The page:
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Monday, Sep. 1, 2014

Policeman explains tactics at the border

Wednesday, December 29, 2010

(Photo)
Lewisburg Police Officer John Christmas runs radar at the city line on State Route 50, explaining it's a major route back into town for those who've been at nightclubs.
Law enforcement officers see New Year's Eve like Super Bowl weekend and St. Patrick's Day. Statistically, there's a greater chance of traffic fatalities.

So, proactive police departments try to save lives by increasing their patrols. Greater visibility has an effect, as Officer John Christmas demonstrated Monday on State Route 50.

"You'll have one doing 55 mph," Christmas said, holding the radar gun while parked near the metal city line sign, but well within the city, according to a wooden city greetings sign.

"And then, they're doing 46 mph," he said. "You can see the car's nose go down" because of a sudden reduction in speed.

Clearly, even the drivers who obey the speed limit hit the brakes when they see a patrol car just off the road in what is so obviously a police officer enforcing the speed limit.

"But at night," he continues, "they don't see you until they're coming by because there are no street lights here."

Christmas speaks openly about his position near the Exxon gas station with the On The Run convenience store just down the highway at its intersection with Franklin Pike.

"Our officers will be out on heightened awareness patrol" during the holidays and especially on New Year's Eve, Police Lt. Rebekah Mitchell said in a telephone interview.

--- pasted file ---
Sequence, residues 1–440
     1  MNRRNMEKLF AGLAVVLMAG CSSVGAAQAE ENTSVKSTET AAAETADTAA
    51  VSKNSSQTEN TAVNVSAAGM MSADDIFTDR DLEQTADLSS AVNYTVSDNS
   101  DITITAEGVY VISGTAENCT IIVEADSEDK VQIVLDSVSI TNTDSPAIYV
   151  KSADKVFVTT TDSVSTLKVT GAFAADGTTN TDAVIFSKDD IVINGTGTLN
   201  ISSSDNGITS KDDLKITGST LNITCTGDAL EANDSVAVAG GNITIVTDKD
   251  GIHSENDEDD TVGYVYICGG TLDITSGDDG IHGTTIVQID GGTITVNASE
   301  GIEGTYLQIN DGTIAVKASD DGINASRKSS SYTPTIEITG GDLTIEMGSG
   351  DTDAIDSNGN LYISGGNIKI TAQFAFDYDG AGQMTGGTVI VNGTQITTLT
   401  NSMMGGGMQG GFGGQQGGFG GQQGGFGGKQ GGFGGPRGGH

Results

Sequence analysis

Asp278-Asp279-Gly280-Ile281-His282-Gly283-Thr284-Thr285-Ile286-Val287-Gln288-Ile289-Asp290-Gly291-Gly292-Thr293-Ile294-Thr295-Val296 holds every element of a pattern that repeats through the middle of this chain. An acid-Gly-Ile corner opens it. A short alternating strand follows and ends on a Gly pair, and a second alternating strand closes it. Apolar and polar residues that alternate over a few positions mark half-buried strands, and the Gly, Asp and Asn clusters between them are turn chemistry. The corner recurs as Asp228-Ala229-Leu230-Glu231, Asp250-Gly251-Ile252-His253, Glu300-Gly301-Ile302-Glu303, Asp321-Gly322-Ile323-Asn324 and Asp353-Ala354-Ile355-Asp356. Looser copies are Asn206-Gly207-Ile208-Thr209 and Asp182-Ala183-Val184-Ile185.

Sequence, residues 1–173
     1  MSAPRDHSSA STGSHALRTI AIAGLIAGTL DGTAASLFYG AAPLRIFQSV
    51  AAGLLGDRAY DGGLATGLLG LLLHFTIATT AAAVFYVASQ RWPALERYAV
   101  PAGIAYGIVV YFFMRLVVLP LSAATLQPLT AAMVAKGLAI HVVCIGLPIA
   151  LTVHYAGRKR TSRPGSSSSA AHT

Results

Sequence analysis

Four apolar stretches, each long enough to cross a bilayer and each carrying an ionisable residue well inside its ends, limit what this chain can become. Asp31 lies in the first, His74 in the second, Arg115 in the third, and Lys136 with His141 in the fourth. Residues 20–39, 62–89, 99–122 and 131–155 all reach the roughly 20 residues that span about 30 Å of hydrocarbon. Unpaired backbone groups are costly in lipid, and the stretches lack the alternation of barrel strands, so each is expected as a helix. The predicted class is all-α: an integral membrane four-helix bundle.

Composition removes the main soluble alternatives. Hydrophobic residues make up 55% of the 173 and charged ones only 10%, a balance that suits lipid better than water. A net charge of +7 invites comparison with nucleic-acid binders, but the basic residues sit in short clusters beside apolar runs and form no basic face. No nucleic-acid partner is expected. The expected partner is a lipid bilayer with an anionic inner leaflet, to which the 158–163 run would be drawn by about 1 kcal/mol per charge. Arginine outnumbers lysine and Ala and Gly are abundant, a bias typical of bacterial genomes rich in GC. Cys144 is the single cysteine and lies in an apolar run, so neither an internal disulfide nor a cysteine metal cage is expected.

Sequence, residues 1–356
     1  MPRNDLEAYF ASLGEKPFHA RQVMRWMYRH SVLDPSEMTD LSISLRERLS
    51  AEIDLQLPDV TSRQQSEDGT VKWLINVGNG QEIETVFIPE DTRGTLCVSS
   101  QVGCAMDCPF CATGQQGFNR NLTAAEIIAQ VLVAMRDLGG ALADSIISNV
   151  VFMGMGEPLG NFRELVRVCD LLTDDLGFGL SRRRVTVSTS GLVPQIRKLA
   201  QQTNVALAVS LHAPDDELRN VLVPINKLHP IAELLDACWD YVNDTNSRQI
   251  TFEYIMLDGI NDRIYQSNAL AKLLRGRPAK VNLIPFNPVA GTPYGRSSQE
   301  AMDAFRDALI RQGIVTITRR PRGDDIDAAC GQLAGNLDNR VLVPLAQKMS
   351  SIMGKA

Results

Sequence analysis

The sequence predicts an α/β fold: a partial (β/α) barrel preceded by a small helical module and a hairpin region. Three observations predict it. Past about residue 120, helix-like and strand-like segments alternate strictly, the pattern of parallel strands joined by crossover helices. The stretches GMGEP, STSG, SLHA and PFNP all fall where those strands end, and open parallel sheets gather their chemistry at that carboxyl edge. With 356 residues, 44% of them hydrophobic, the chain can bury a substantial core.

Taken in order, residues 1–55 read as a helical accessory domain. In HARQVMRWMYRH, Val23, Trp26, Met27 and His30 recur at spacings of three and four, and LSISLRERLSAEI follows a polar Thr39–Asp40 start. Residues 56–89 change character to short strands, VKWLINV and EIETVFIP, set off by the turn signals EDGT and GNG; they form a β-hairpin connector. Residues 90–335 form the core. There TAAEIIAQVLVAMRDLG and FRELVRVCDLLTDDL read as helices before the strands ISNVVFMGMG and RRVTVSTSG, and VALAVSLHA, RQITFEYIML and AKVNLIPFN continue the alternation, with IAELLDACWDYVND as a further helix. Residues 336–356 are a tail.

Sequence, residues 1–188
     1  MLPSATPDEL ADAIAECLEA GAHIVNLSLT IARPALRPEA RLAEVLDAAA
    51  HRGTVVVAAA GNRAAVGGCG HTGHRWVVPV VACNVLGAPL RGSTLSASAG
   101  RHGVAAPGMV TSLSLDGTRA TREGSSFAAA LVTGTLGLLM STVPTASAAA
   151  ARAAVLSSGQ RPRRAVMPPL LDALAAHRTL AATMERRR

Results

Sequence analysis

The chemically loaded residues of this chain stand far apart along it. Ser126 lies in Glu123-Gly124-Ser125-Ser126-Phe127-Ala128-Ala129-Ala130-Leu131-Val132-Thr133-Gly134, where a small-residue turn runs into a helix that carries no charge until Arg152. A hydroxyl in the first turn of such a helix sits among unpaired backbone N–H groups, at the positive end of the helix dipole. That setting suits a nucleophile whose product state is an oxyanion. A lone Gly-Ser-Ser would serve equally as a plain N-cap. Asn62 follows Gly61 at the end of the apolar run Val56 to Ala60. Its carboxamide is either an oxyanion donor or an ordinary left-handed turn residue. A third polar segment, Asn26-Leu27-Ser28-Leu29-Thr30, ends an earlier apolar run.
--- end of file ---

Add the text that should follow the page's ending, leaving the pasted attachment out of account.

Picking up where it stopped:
Mitchell is assigned to be the Lewisburg Police Department's connection with the Tennessee Governor's Highway Safety Office. Among its many services, it pays overtime wages for officers conducting sobriety checks and increased enforcement to encourage seatbelt usage; the Click It or Ticket program.

While sobriety checks -- normally performed in this area by the Tennessee Highway Patrol -- are not something city police will conduct this coming weekend, Mitchell said, "We're going to put extra people out there... It's a way... to, hopefully prevent a fatality."

It's also a way, she and Police Chief Chuck Forbis have explained, to reduce the risk of unnecessary grief.

"This is our mission," Mitchell said. We want to reduce fatalities."

She's well aware there are people who continue to feel pain long after the crash.

"It's hard anytime," Mitchell said, "but the effect on the family is worse when it's a young person" whose life's been lost.

Forbis has asked motorists and their associates to think ahead. Police do not like delivering bad news after a highway fatality, he said.

Mitchell cites statistics from the National Highway Traffic Safety Association. The bottom line is that there are more fatalities during certain times of the year.

Obviously, they include New Year's Eve. Like the Fourth of July, it's one of the times of year when city police become more proactive.

For the officer who enjoys the job -- to protect and serve -- it's like Christmas all over again.

"A while ago, a man came by at 81 mph in this 55 mph zone," Officer Christmas said in his patrol car Monday as he spoke of a case that's been to court already. "He fell asleep in the back of the car" after he was taken into custody.

It was one of those protect and serve moments at the city line.